Capetonians rejoiced when the dams supplying the Cape Town metro reached full capacity this year. Many will remember the tough days of severe water restrictions, in which lining up for water at a communal tap was the norm.
While we have come a long way from those days, scientists and authorities are still cautioning residents to be wary as another ‘Day Zero’ could easily strike at any moment.
According to a study by Stanford University and the National Oceanic and Atmospheric Administration (NOAA), Cape Town has a high chance of facing another Day Zero within the next decade.
The study, published in the journal Proceedings of the National Academy of Sciences, made use of new high-resolution simulations to conclude that human-caused climate change made the Day Zero drought in southwestern South Africa five to six times more likely. Furthermore, such extreme events could go from being rare to common events by the end of the century.
“In a way, the ‘Day Zero’ drought might have been a sort of taste of what the future may be,” said lead author Salvatore Pascale, a research scientist at Stanford’s School of Earth, Energy & Environmental Sciences (Stanford Earth). “In the worst-case scenario, events like the ‘Day Zero’ drought may become about 100 times more likely than what they were in the early 20th-century world.”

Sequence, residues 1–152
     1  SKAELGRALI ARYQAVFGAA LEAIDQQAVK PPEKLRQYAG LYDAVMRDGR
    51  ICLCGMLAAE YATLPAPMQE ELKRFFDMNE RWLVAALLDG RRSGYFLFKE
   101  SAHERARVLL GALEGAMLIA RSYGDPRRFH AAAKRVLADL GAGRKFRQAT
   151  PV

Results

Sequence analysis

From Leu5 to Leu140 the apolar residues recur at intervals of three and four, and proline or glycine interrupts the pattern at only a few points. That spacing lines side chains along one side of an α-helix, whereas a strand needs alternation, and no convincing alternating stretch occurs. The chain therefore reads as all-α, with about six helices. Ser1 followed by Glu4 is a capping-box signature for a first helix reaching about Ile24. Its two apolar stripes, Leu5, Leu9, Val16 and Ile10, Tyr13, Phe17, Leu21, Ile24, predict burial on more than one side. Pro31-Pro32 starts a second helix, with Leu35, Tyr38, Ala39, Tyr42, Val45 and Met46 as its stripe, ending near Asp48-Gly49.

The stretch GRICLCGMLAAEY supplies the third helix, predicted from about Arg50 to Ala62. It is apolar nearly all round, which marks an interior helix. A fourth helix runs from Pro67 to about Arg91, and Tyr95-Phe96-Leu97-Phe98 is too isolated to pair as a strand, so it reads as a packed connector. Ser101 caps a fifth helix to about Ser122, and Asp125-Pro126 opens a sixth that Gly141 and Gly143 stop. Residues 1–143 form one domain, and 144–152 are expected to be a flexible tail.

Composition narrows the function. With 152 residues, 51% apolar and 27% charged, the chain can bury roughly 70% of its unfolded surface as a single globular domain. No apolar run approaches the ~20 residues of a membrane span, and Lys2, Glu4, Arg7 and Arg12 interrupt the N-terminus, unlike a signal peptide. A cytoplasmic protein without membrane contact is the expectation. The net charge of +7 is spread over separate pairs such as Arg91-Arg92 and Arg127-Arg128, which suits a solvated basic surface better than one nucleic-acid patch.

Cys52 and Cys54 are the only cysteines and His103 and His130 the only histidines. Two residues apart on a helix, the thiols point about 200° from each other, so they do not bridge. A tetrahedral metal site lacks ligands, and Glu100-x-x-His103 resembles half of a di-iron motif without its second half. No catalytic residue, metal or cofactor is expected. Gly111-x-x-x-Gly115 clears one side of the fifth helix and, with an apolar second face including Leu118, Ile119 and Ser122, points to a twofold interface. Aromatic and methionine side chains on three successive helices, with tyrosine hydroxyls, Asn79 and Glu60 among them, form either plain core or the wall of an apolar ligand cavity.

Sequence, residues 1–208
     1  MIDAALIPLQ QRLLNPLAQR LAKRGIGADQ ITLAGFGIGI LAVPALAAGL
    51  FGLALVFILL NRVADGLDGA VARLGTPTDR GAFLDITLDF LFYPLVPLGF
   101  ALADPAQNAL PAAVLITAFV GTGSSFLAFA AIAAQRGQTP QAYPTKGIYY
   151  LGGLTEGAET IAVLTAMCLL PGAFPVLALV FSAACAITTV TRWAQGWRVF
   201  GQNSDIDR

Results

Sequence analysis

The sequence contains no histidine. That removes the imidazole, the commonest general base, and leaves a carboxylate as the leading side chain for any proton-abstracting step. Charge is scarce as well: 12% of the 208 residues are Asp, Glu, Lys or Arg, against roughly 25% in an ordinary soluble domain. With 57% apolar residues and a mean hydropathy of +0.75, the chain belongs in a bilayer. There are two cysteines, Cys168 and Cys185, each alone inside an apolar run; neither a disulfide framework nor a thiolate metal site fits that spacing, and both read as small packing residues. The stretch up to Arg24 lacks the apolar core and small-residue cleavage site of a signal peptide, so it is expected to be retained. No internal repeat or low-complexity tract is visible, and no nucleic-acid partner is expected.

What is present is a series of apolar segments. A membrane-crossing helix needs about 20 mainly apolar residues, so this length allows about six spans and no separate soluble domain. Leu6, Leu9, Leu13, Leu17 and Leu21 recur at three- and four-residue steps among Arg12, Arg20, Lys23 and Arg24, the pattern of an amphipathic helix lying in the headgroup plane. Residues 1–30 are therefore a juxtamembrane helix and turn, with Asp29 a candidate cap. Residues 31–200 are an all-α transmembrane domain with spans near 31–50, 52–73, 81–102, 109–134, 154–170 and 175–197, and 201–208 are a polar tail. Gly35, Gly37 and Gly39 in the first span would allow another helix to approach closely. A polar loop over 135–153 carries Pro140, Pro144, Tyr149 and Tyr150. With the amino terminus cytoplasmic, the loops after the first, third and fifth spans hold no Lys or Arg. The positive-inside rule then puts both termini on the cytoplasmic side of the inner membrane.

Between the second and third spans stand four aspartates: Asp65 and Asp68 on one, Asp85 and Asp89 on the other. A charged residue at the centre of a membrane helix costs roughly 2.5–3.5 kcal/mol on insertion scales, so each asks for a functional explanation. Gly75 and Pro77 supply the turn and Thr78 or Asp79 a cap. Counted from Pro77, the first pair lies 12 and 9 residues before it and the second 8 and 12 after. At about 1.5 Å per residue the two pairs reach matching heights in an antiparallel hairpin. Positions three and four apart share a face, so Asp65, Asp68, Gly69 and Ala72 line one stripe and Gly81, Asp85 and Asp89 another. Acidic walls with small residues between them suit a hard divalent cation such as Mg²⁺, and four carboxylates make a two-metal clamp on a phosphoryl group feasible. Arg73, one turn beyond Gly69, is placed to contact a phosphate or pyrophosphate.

Using a climate modelling system known as the Seamless System for Prediction and Earth System Research (SPEAR), the researchers simulated the response of atmospheric circulation patterns to increasing levels of carbon dioxide.
The model found that in a high greenhouse gas emissions scenario, a similar drought could impact the region twice or even thrice in a decade. The risk of multi-year drought may increase by the end of the century, and last even longer.
South Africa is not alone in this. Parts of the world with similar climates like southern Australia, southern Europe, and parts of South America may have their own Day Zero in the future, posit the researchers.
“I’m sure that many Cape Town residents have forgotten what happened now that lakes and water reservoirs are back to normal,” added Pascale. “But this is the moment to rethink the old way of managing water for a future when there will be less water available.”